Minute By Minute
How Australians Spend Their Time
The television drama series ‘24’ depicts the adventures of fictional counter terrorist agent Jack Bauer in real time, with each minute of the program corresponding to a minute in the characters’ lives. But what if the lives of ordinary Australians were depicted minute by minute? In effect, that’s what the ABS did earlier this year by tracking the activities of Australians and what they did over a 24-hour period.
If you’re an average Australian, you might be surprised to find out exactly how you spend your time over the course of a day. That’s because you’re likely to spend nearly half the day either sleeping or on personal care; more time on recreation and leisure than working; and more time shopping than on childcare.
And, as many women might have suspected, the survey shows they’re doing three times as much housework as their male counterparts, and mums are spending almost three times as much time as dads looking after the kids. But it’s not as if the blokes are all sitting on the couch, watching the footy; the survey shows they spend more time than women on chores involving home maintenance and caring for both grounds and animals.
The latest Time Use Survey carried out by the ABS looked at the primary activities carried out by Australians aged 15 and over during a 24-hour period in 2006. It found that they spend:
•10 hours and 57 minutes on personal care (including 8:31 sleeping)
•4 hours and 13 minutes on recreation and leisure (including 2:20 on audio/visual media)
•3 hours and 27 minutes on employment-related activities
•2 hours and 15 minutes on domestic duties
•48 minutes purchasing goods and services
•43 minutes on social and community interaction
•41 minutes on childcare
•30 minutes on education
•19 minutes on voluntary work and care, and
•7 minutes of the day lost in the statistician’s catch-all “undescribed” category.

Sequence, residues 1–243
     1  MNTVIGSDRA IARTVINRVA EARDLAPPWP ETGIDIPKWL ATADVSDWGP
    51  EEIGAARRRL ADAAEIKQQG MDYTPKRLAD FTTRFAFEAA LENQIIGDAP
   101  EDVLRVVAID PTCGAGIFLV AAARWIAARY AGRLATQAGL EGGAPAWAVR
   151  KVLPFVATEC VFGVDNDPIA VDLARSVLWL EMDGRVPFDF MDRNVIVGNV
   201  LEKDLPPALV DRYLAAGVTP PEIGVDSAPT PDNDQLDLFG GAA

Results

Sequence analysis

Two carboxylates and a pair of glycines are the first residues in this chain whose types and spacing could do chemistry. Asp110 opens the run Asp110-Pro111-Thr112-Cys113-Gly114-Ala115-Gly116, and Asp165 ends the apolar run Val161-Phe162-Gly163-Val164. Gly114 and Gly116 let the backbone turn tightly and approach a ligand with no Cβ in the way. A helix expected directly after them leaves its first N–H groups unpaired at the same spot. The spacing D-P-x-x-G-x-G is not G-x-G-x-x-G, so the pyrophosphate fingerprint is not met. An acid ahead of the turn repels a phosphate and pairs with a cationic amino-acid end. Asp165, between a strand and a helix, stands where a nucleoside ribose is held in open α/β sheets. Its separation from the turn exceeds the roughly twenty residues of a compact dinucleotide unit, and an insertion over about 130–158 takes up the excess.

How men and women spend their time differently
The survey shows that people spend their time differently, and often the difference is gender based. For instance, the survey shows that females spend about 25 per cent more time than males on personal hygiene.
And when it comes to work, males spend almost twice as long engaged in paid employment than women, and twice as long getting to and from work. But it’s in the area of domestic activities where the largest discrepancies occur. Women spend an average of 2 hours and 52 minutes a day on domestic activities, compared to the 1 hour and 37 minutes of men.
But perhaps men are beginning to get the message about housework.
Over the past 14 years ABS Time Use Surveys have shown that the huge differences between the time males and females spend on housework have narrowed slightly.
The 1992 Time Use Survey estimated males spent only 37 minutes per day on housework, compared to women’s 2 hours and 27 minutes. By 1997, this had become 40 minutes for men, and 2 hours and 19 minutes for women.
But, back to 2006 figures. Males did spend more time than females on “other” housework such as grounds and home maintenance, but this only clawed back 10 minutes of the 1 hour 15 minute total housework difference. Females also spent more time on childcare (59 minutes compared to 22 minutes), more on purchasing goods and services (58 minutes compared to 38 minutes), and extra on voluntary work and care (24 minutes to 15 minutes). Males spent more time on recreation and leisure (4 hours and 29 minutes, compared to 3 hours and 57 minutes). While males spent more time engaging in the physical aspects of recreation and leisure, such as sport and games, females devoted more time to reading and talking.
Between the 1997 and 2006 Time Use Surveys, the time females spent on laundry and clothes care fell by 4 minutes a day, about the time it takes to iron a shirt. Over that same period, the time males spent on laundry and clothes remained unchanged. This suggests there were a lot of males going around in wrinkled shirts in 2006.
Australia is not the only country to conduct time use surveys. The USA, UK, NZ, Canada and others conduct similar surveys that show, among other things, differences in the time that people sleep each day.
Comparisons show that while Australians spend 8 hours and 31 minutes per day sleeping, Britons spend only 8 hours and 11 minutes, while Americans are curled up asleep for 8 hours and 57 minutes.
What people get up to on their weekends
On weekends, there are predictable rises in both time spent sleeping, and time spent in social and recreational activities. Sunday is the big day for these activities, with males indulging in both activities more than females. Males sleep an extra 1 hour and 15 minutes on Sundays compared to weekdays, along with an extra 1 hour and 33 minutes spent on recreation and leisure.
If you have the inclination (and perhaps more importantly the time), the full breakdown of results can be obtained from the ABS website (publication 4153.0 – How Australians Use Their Time, 2006).
Client Liaison & Information Services,
ABS Western Australia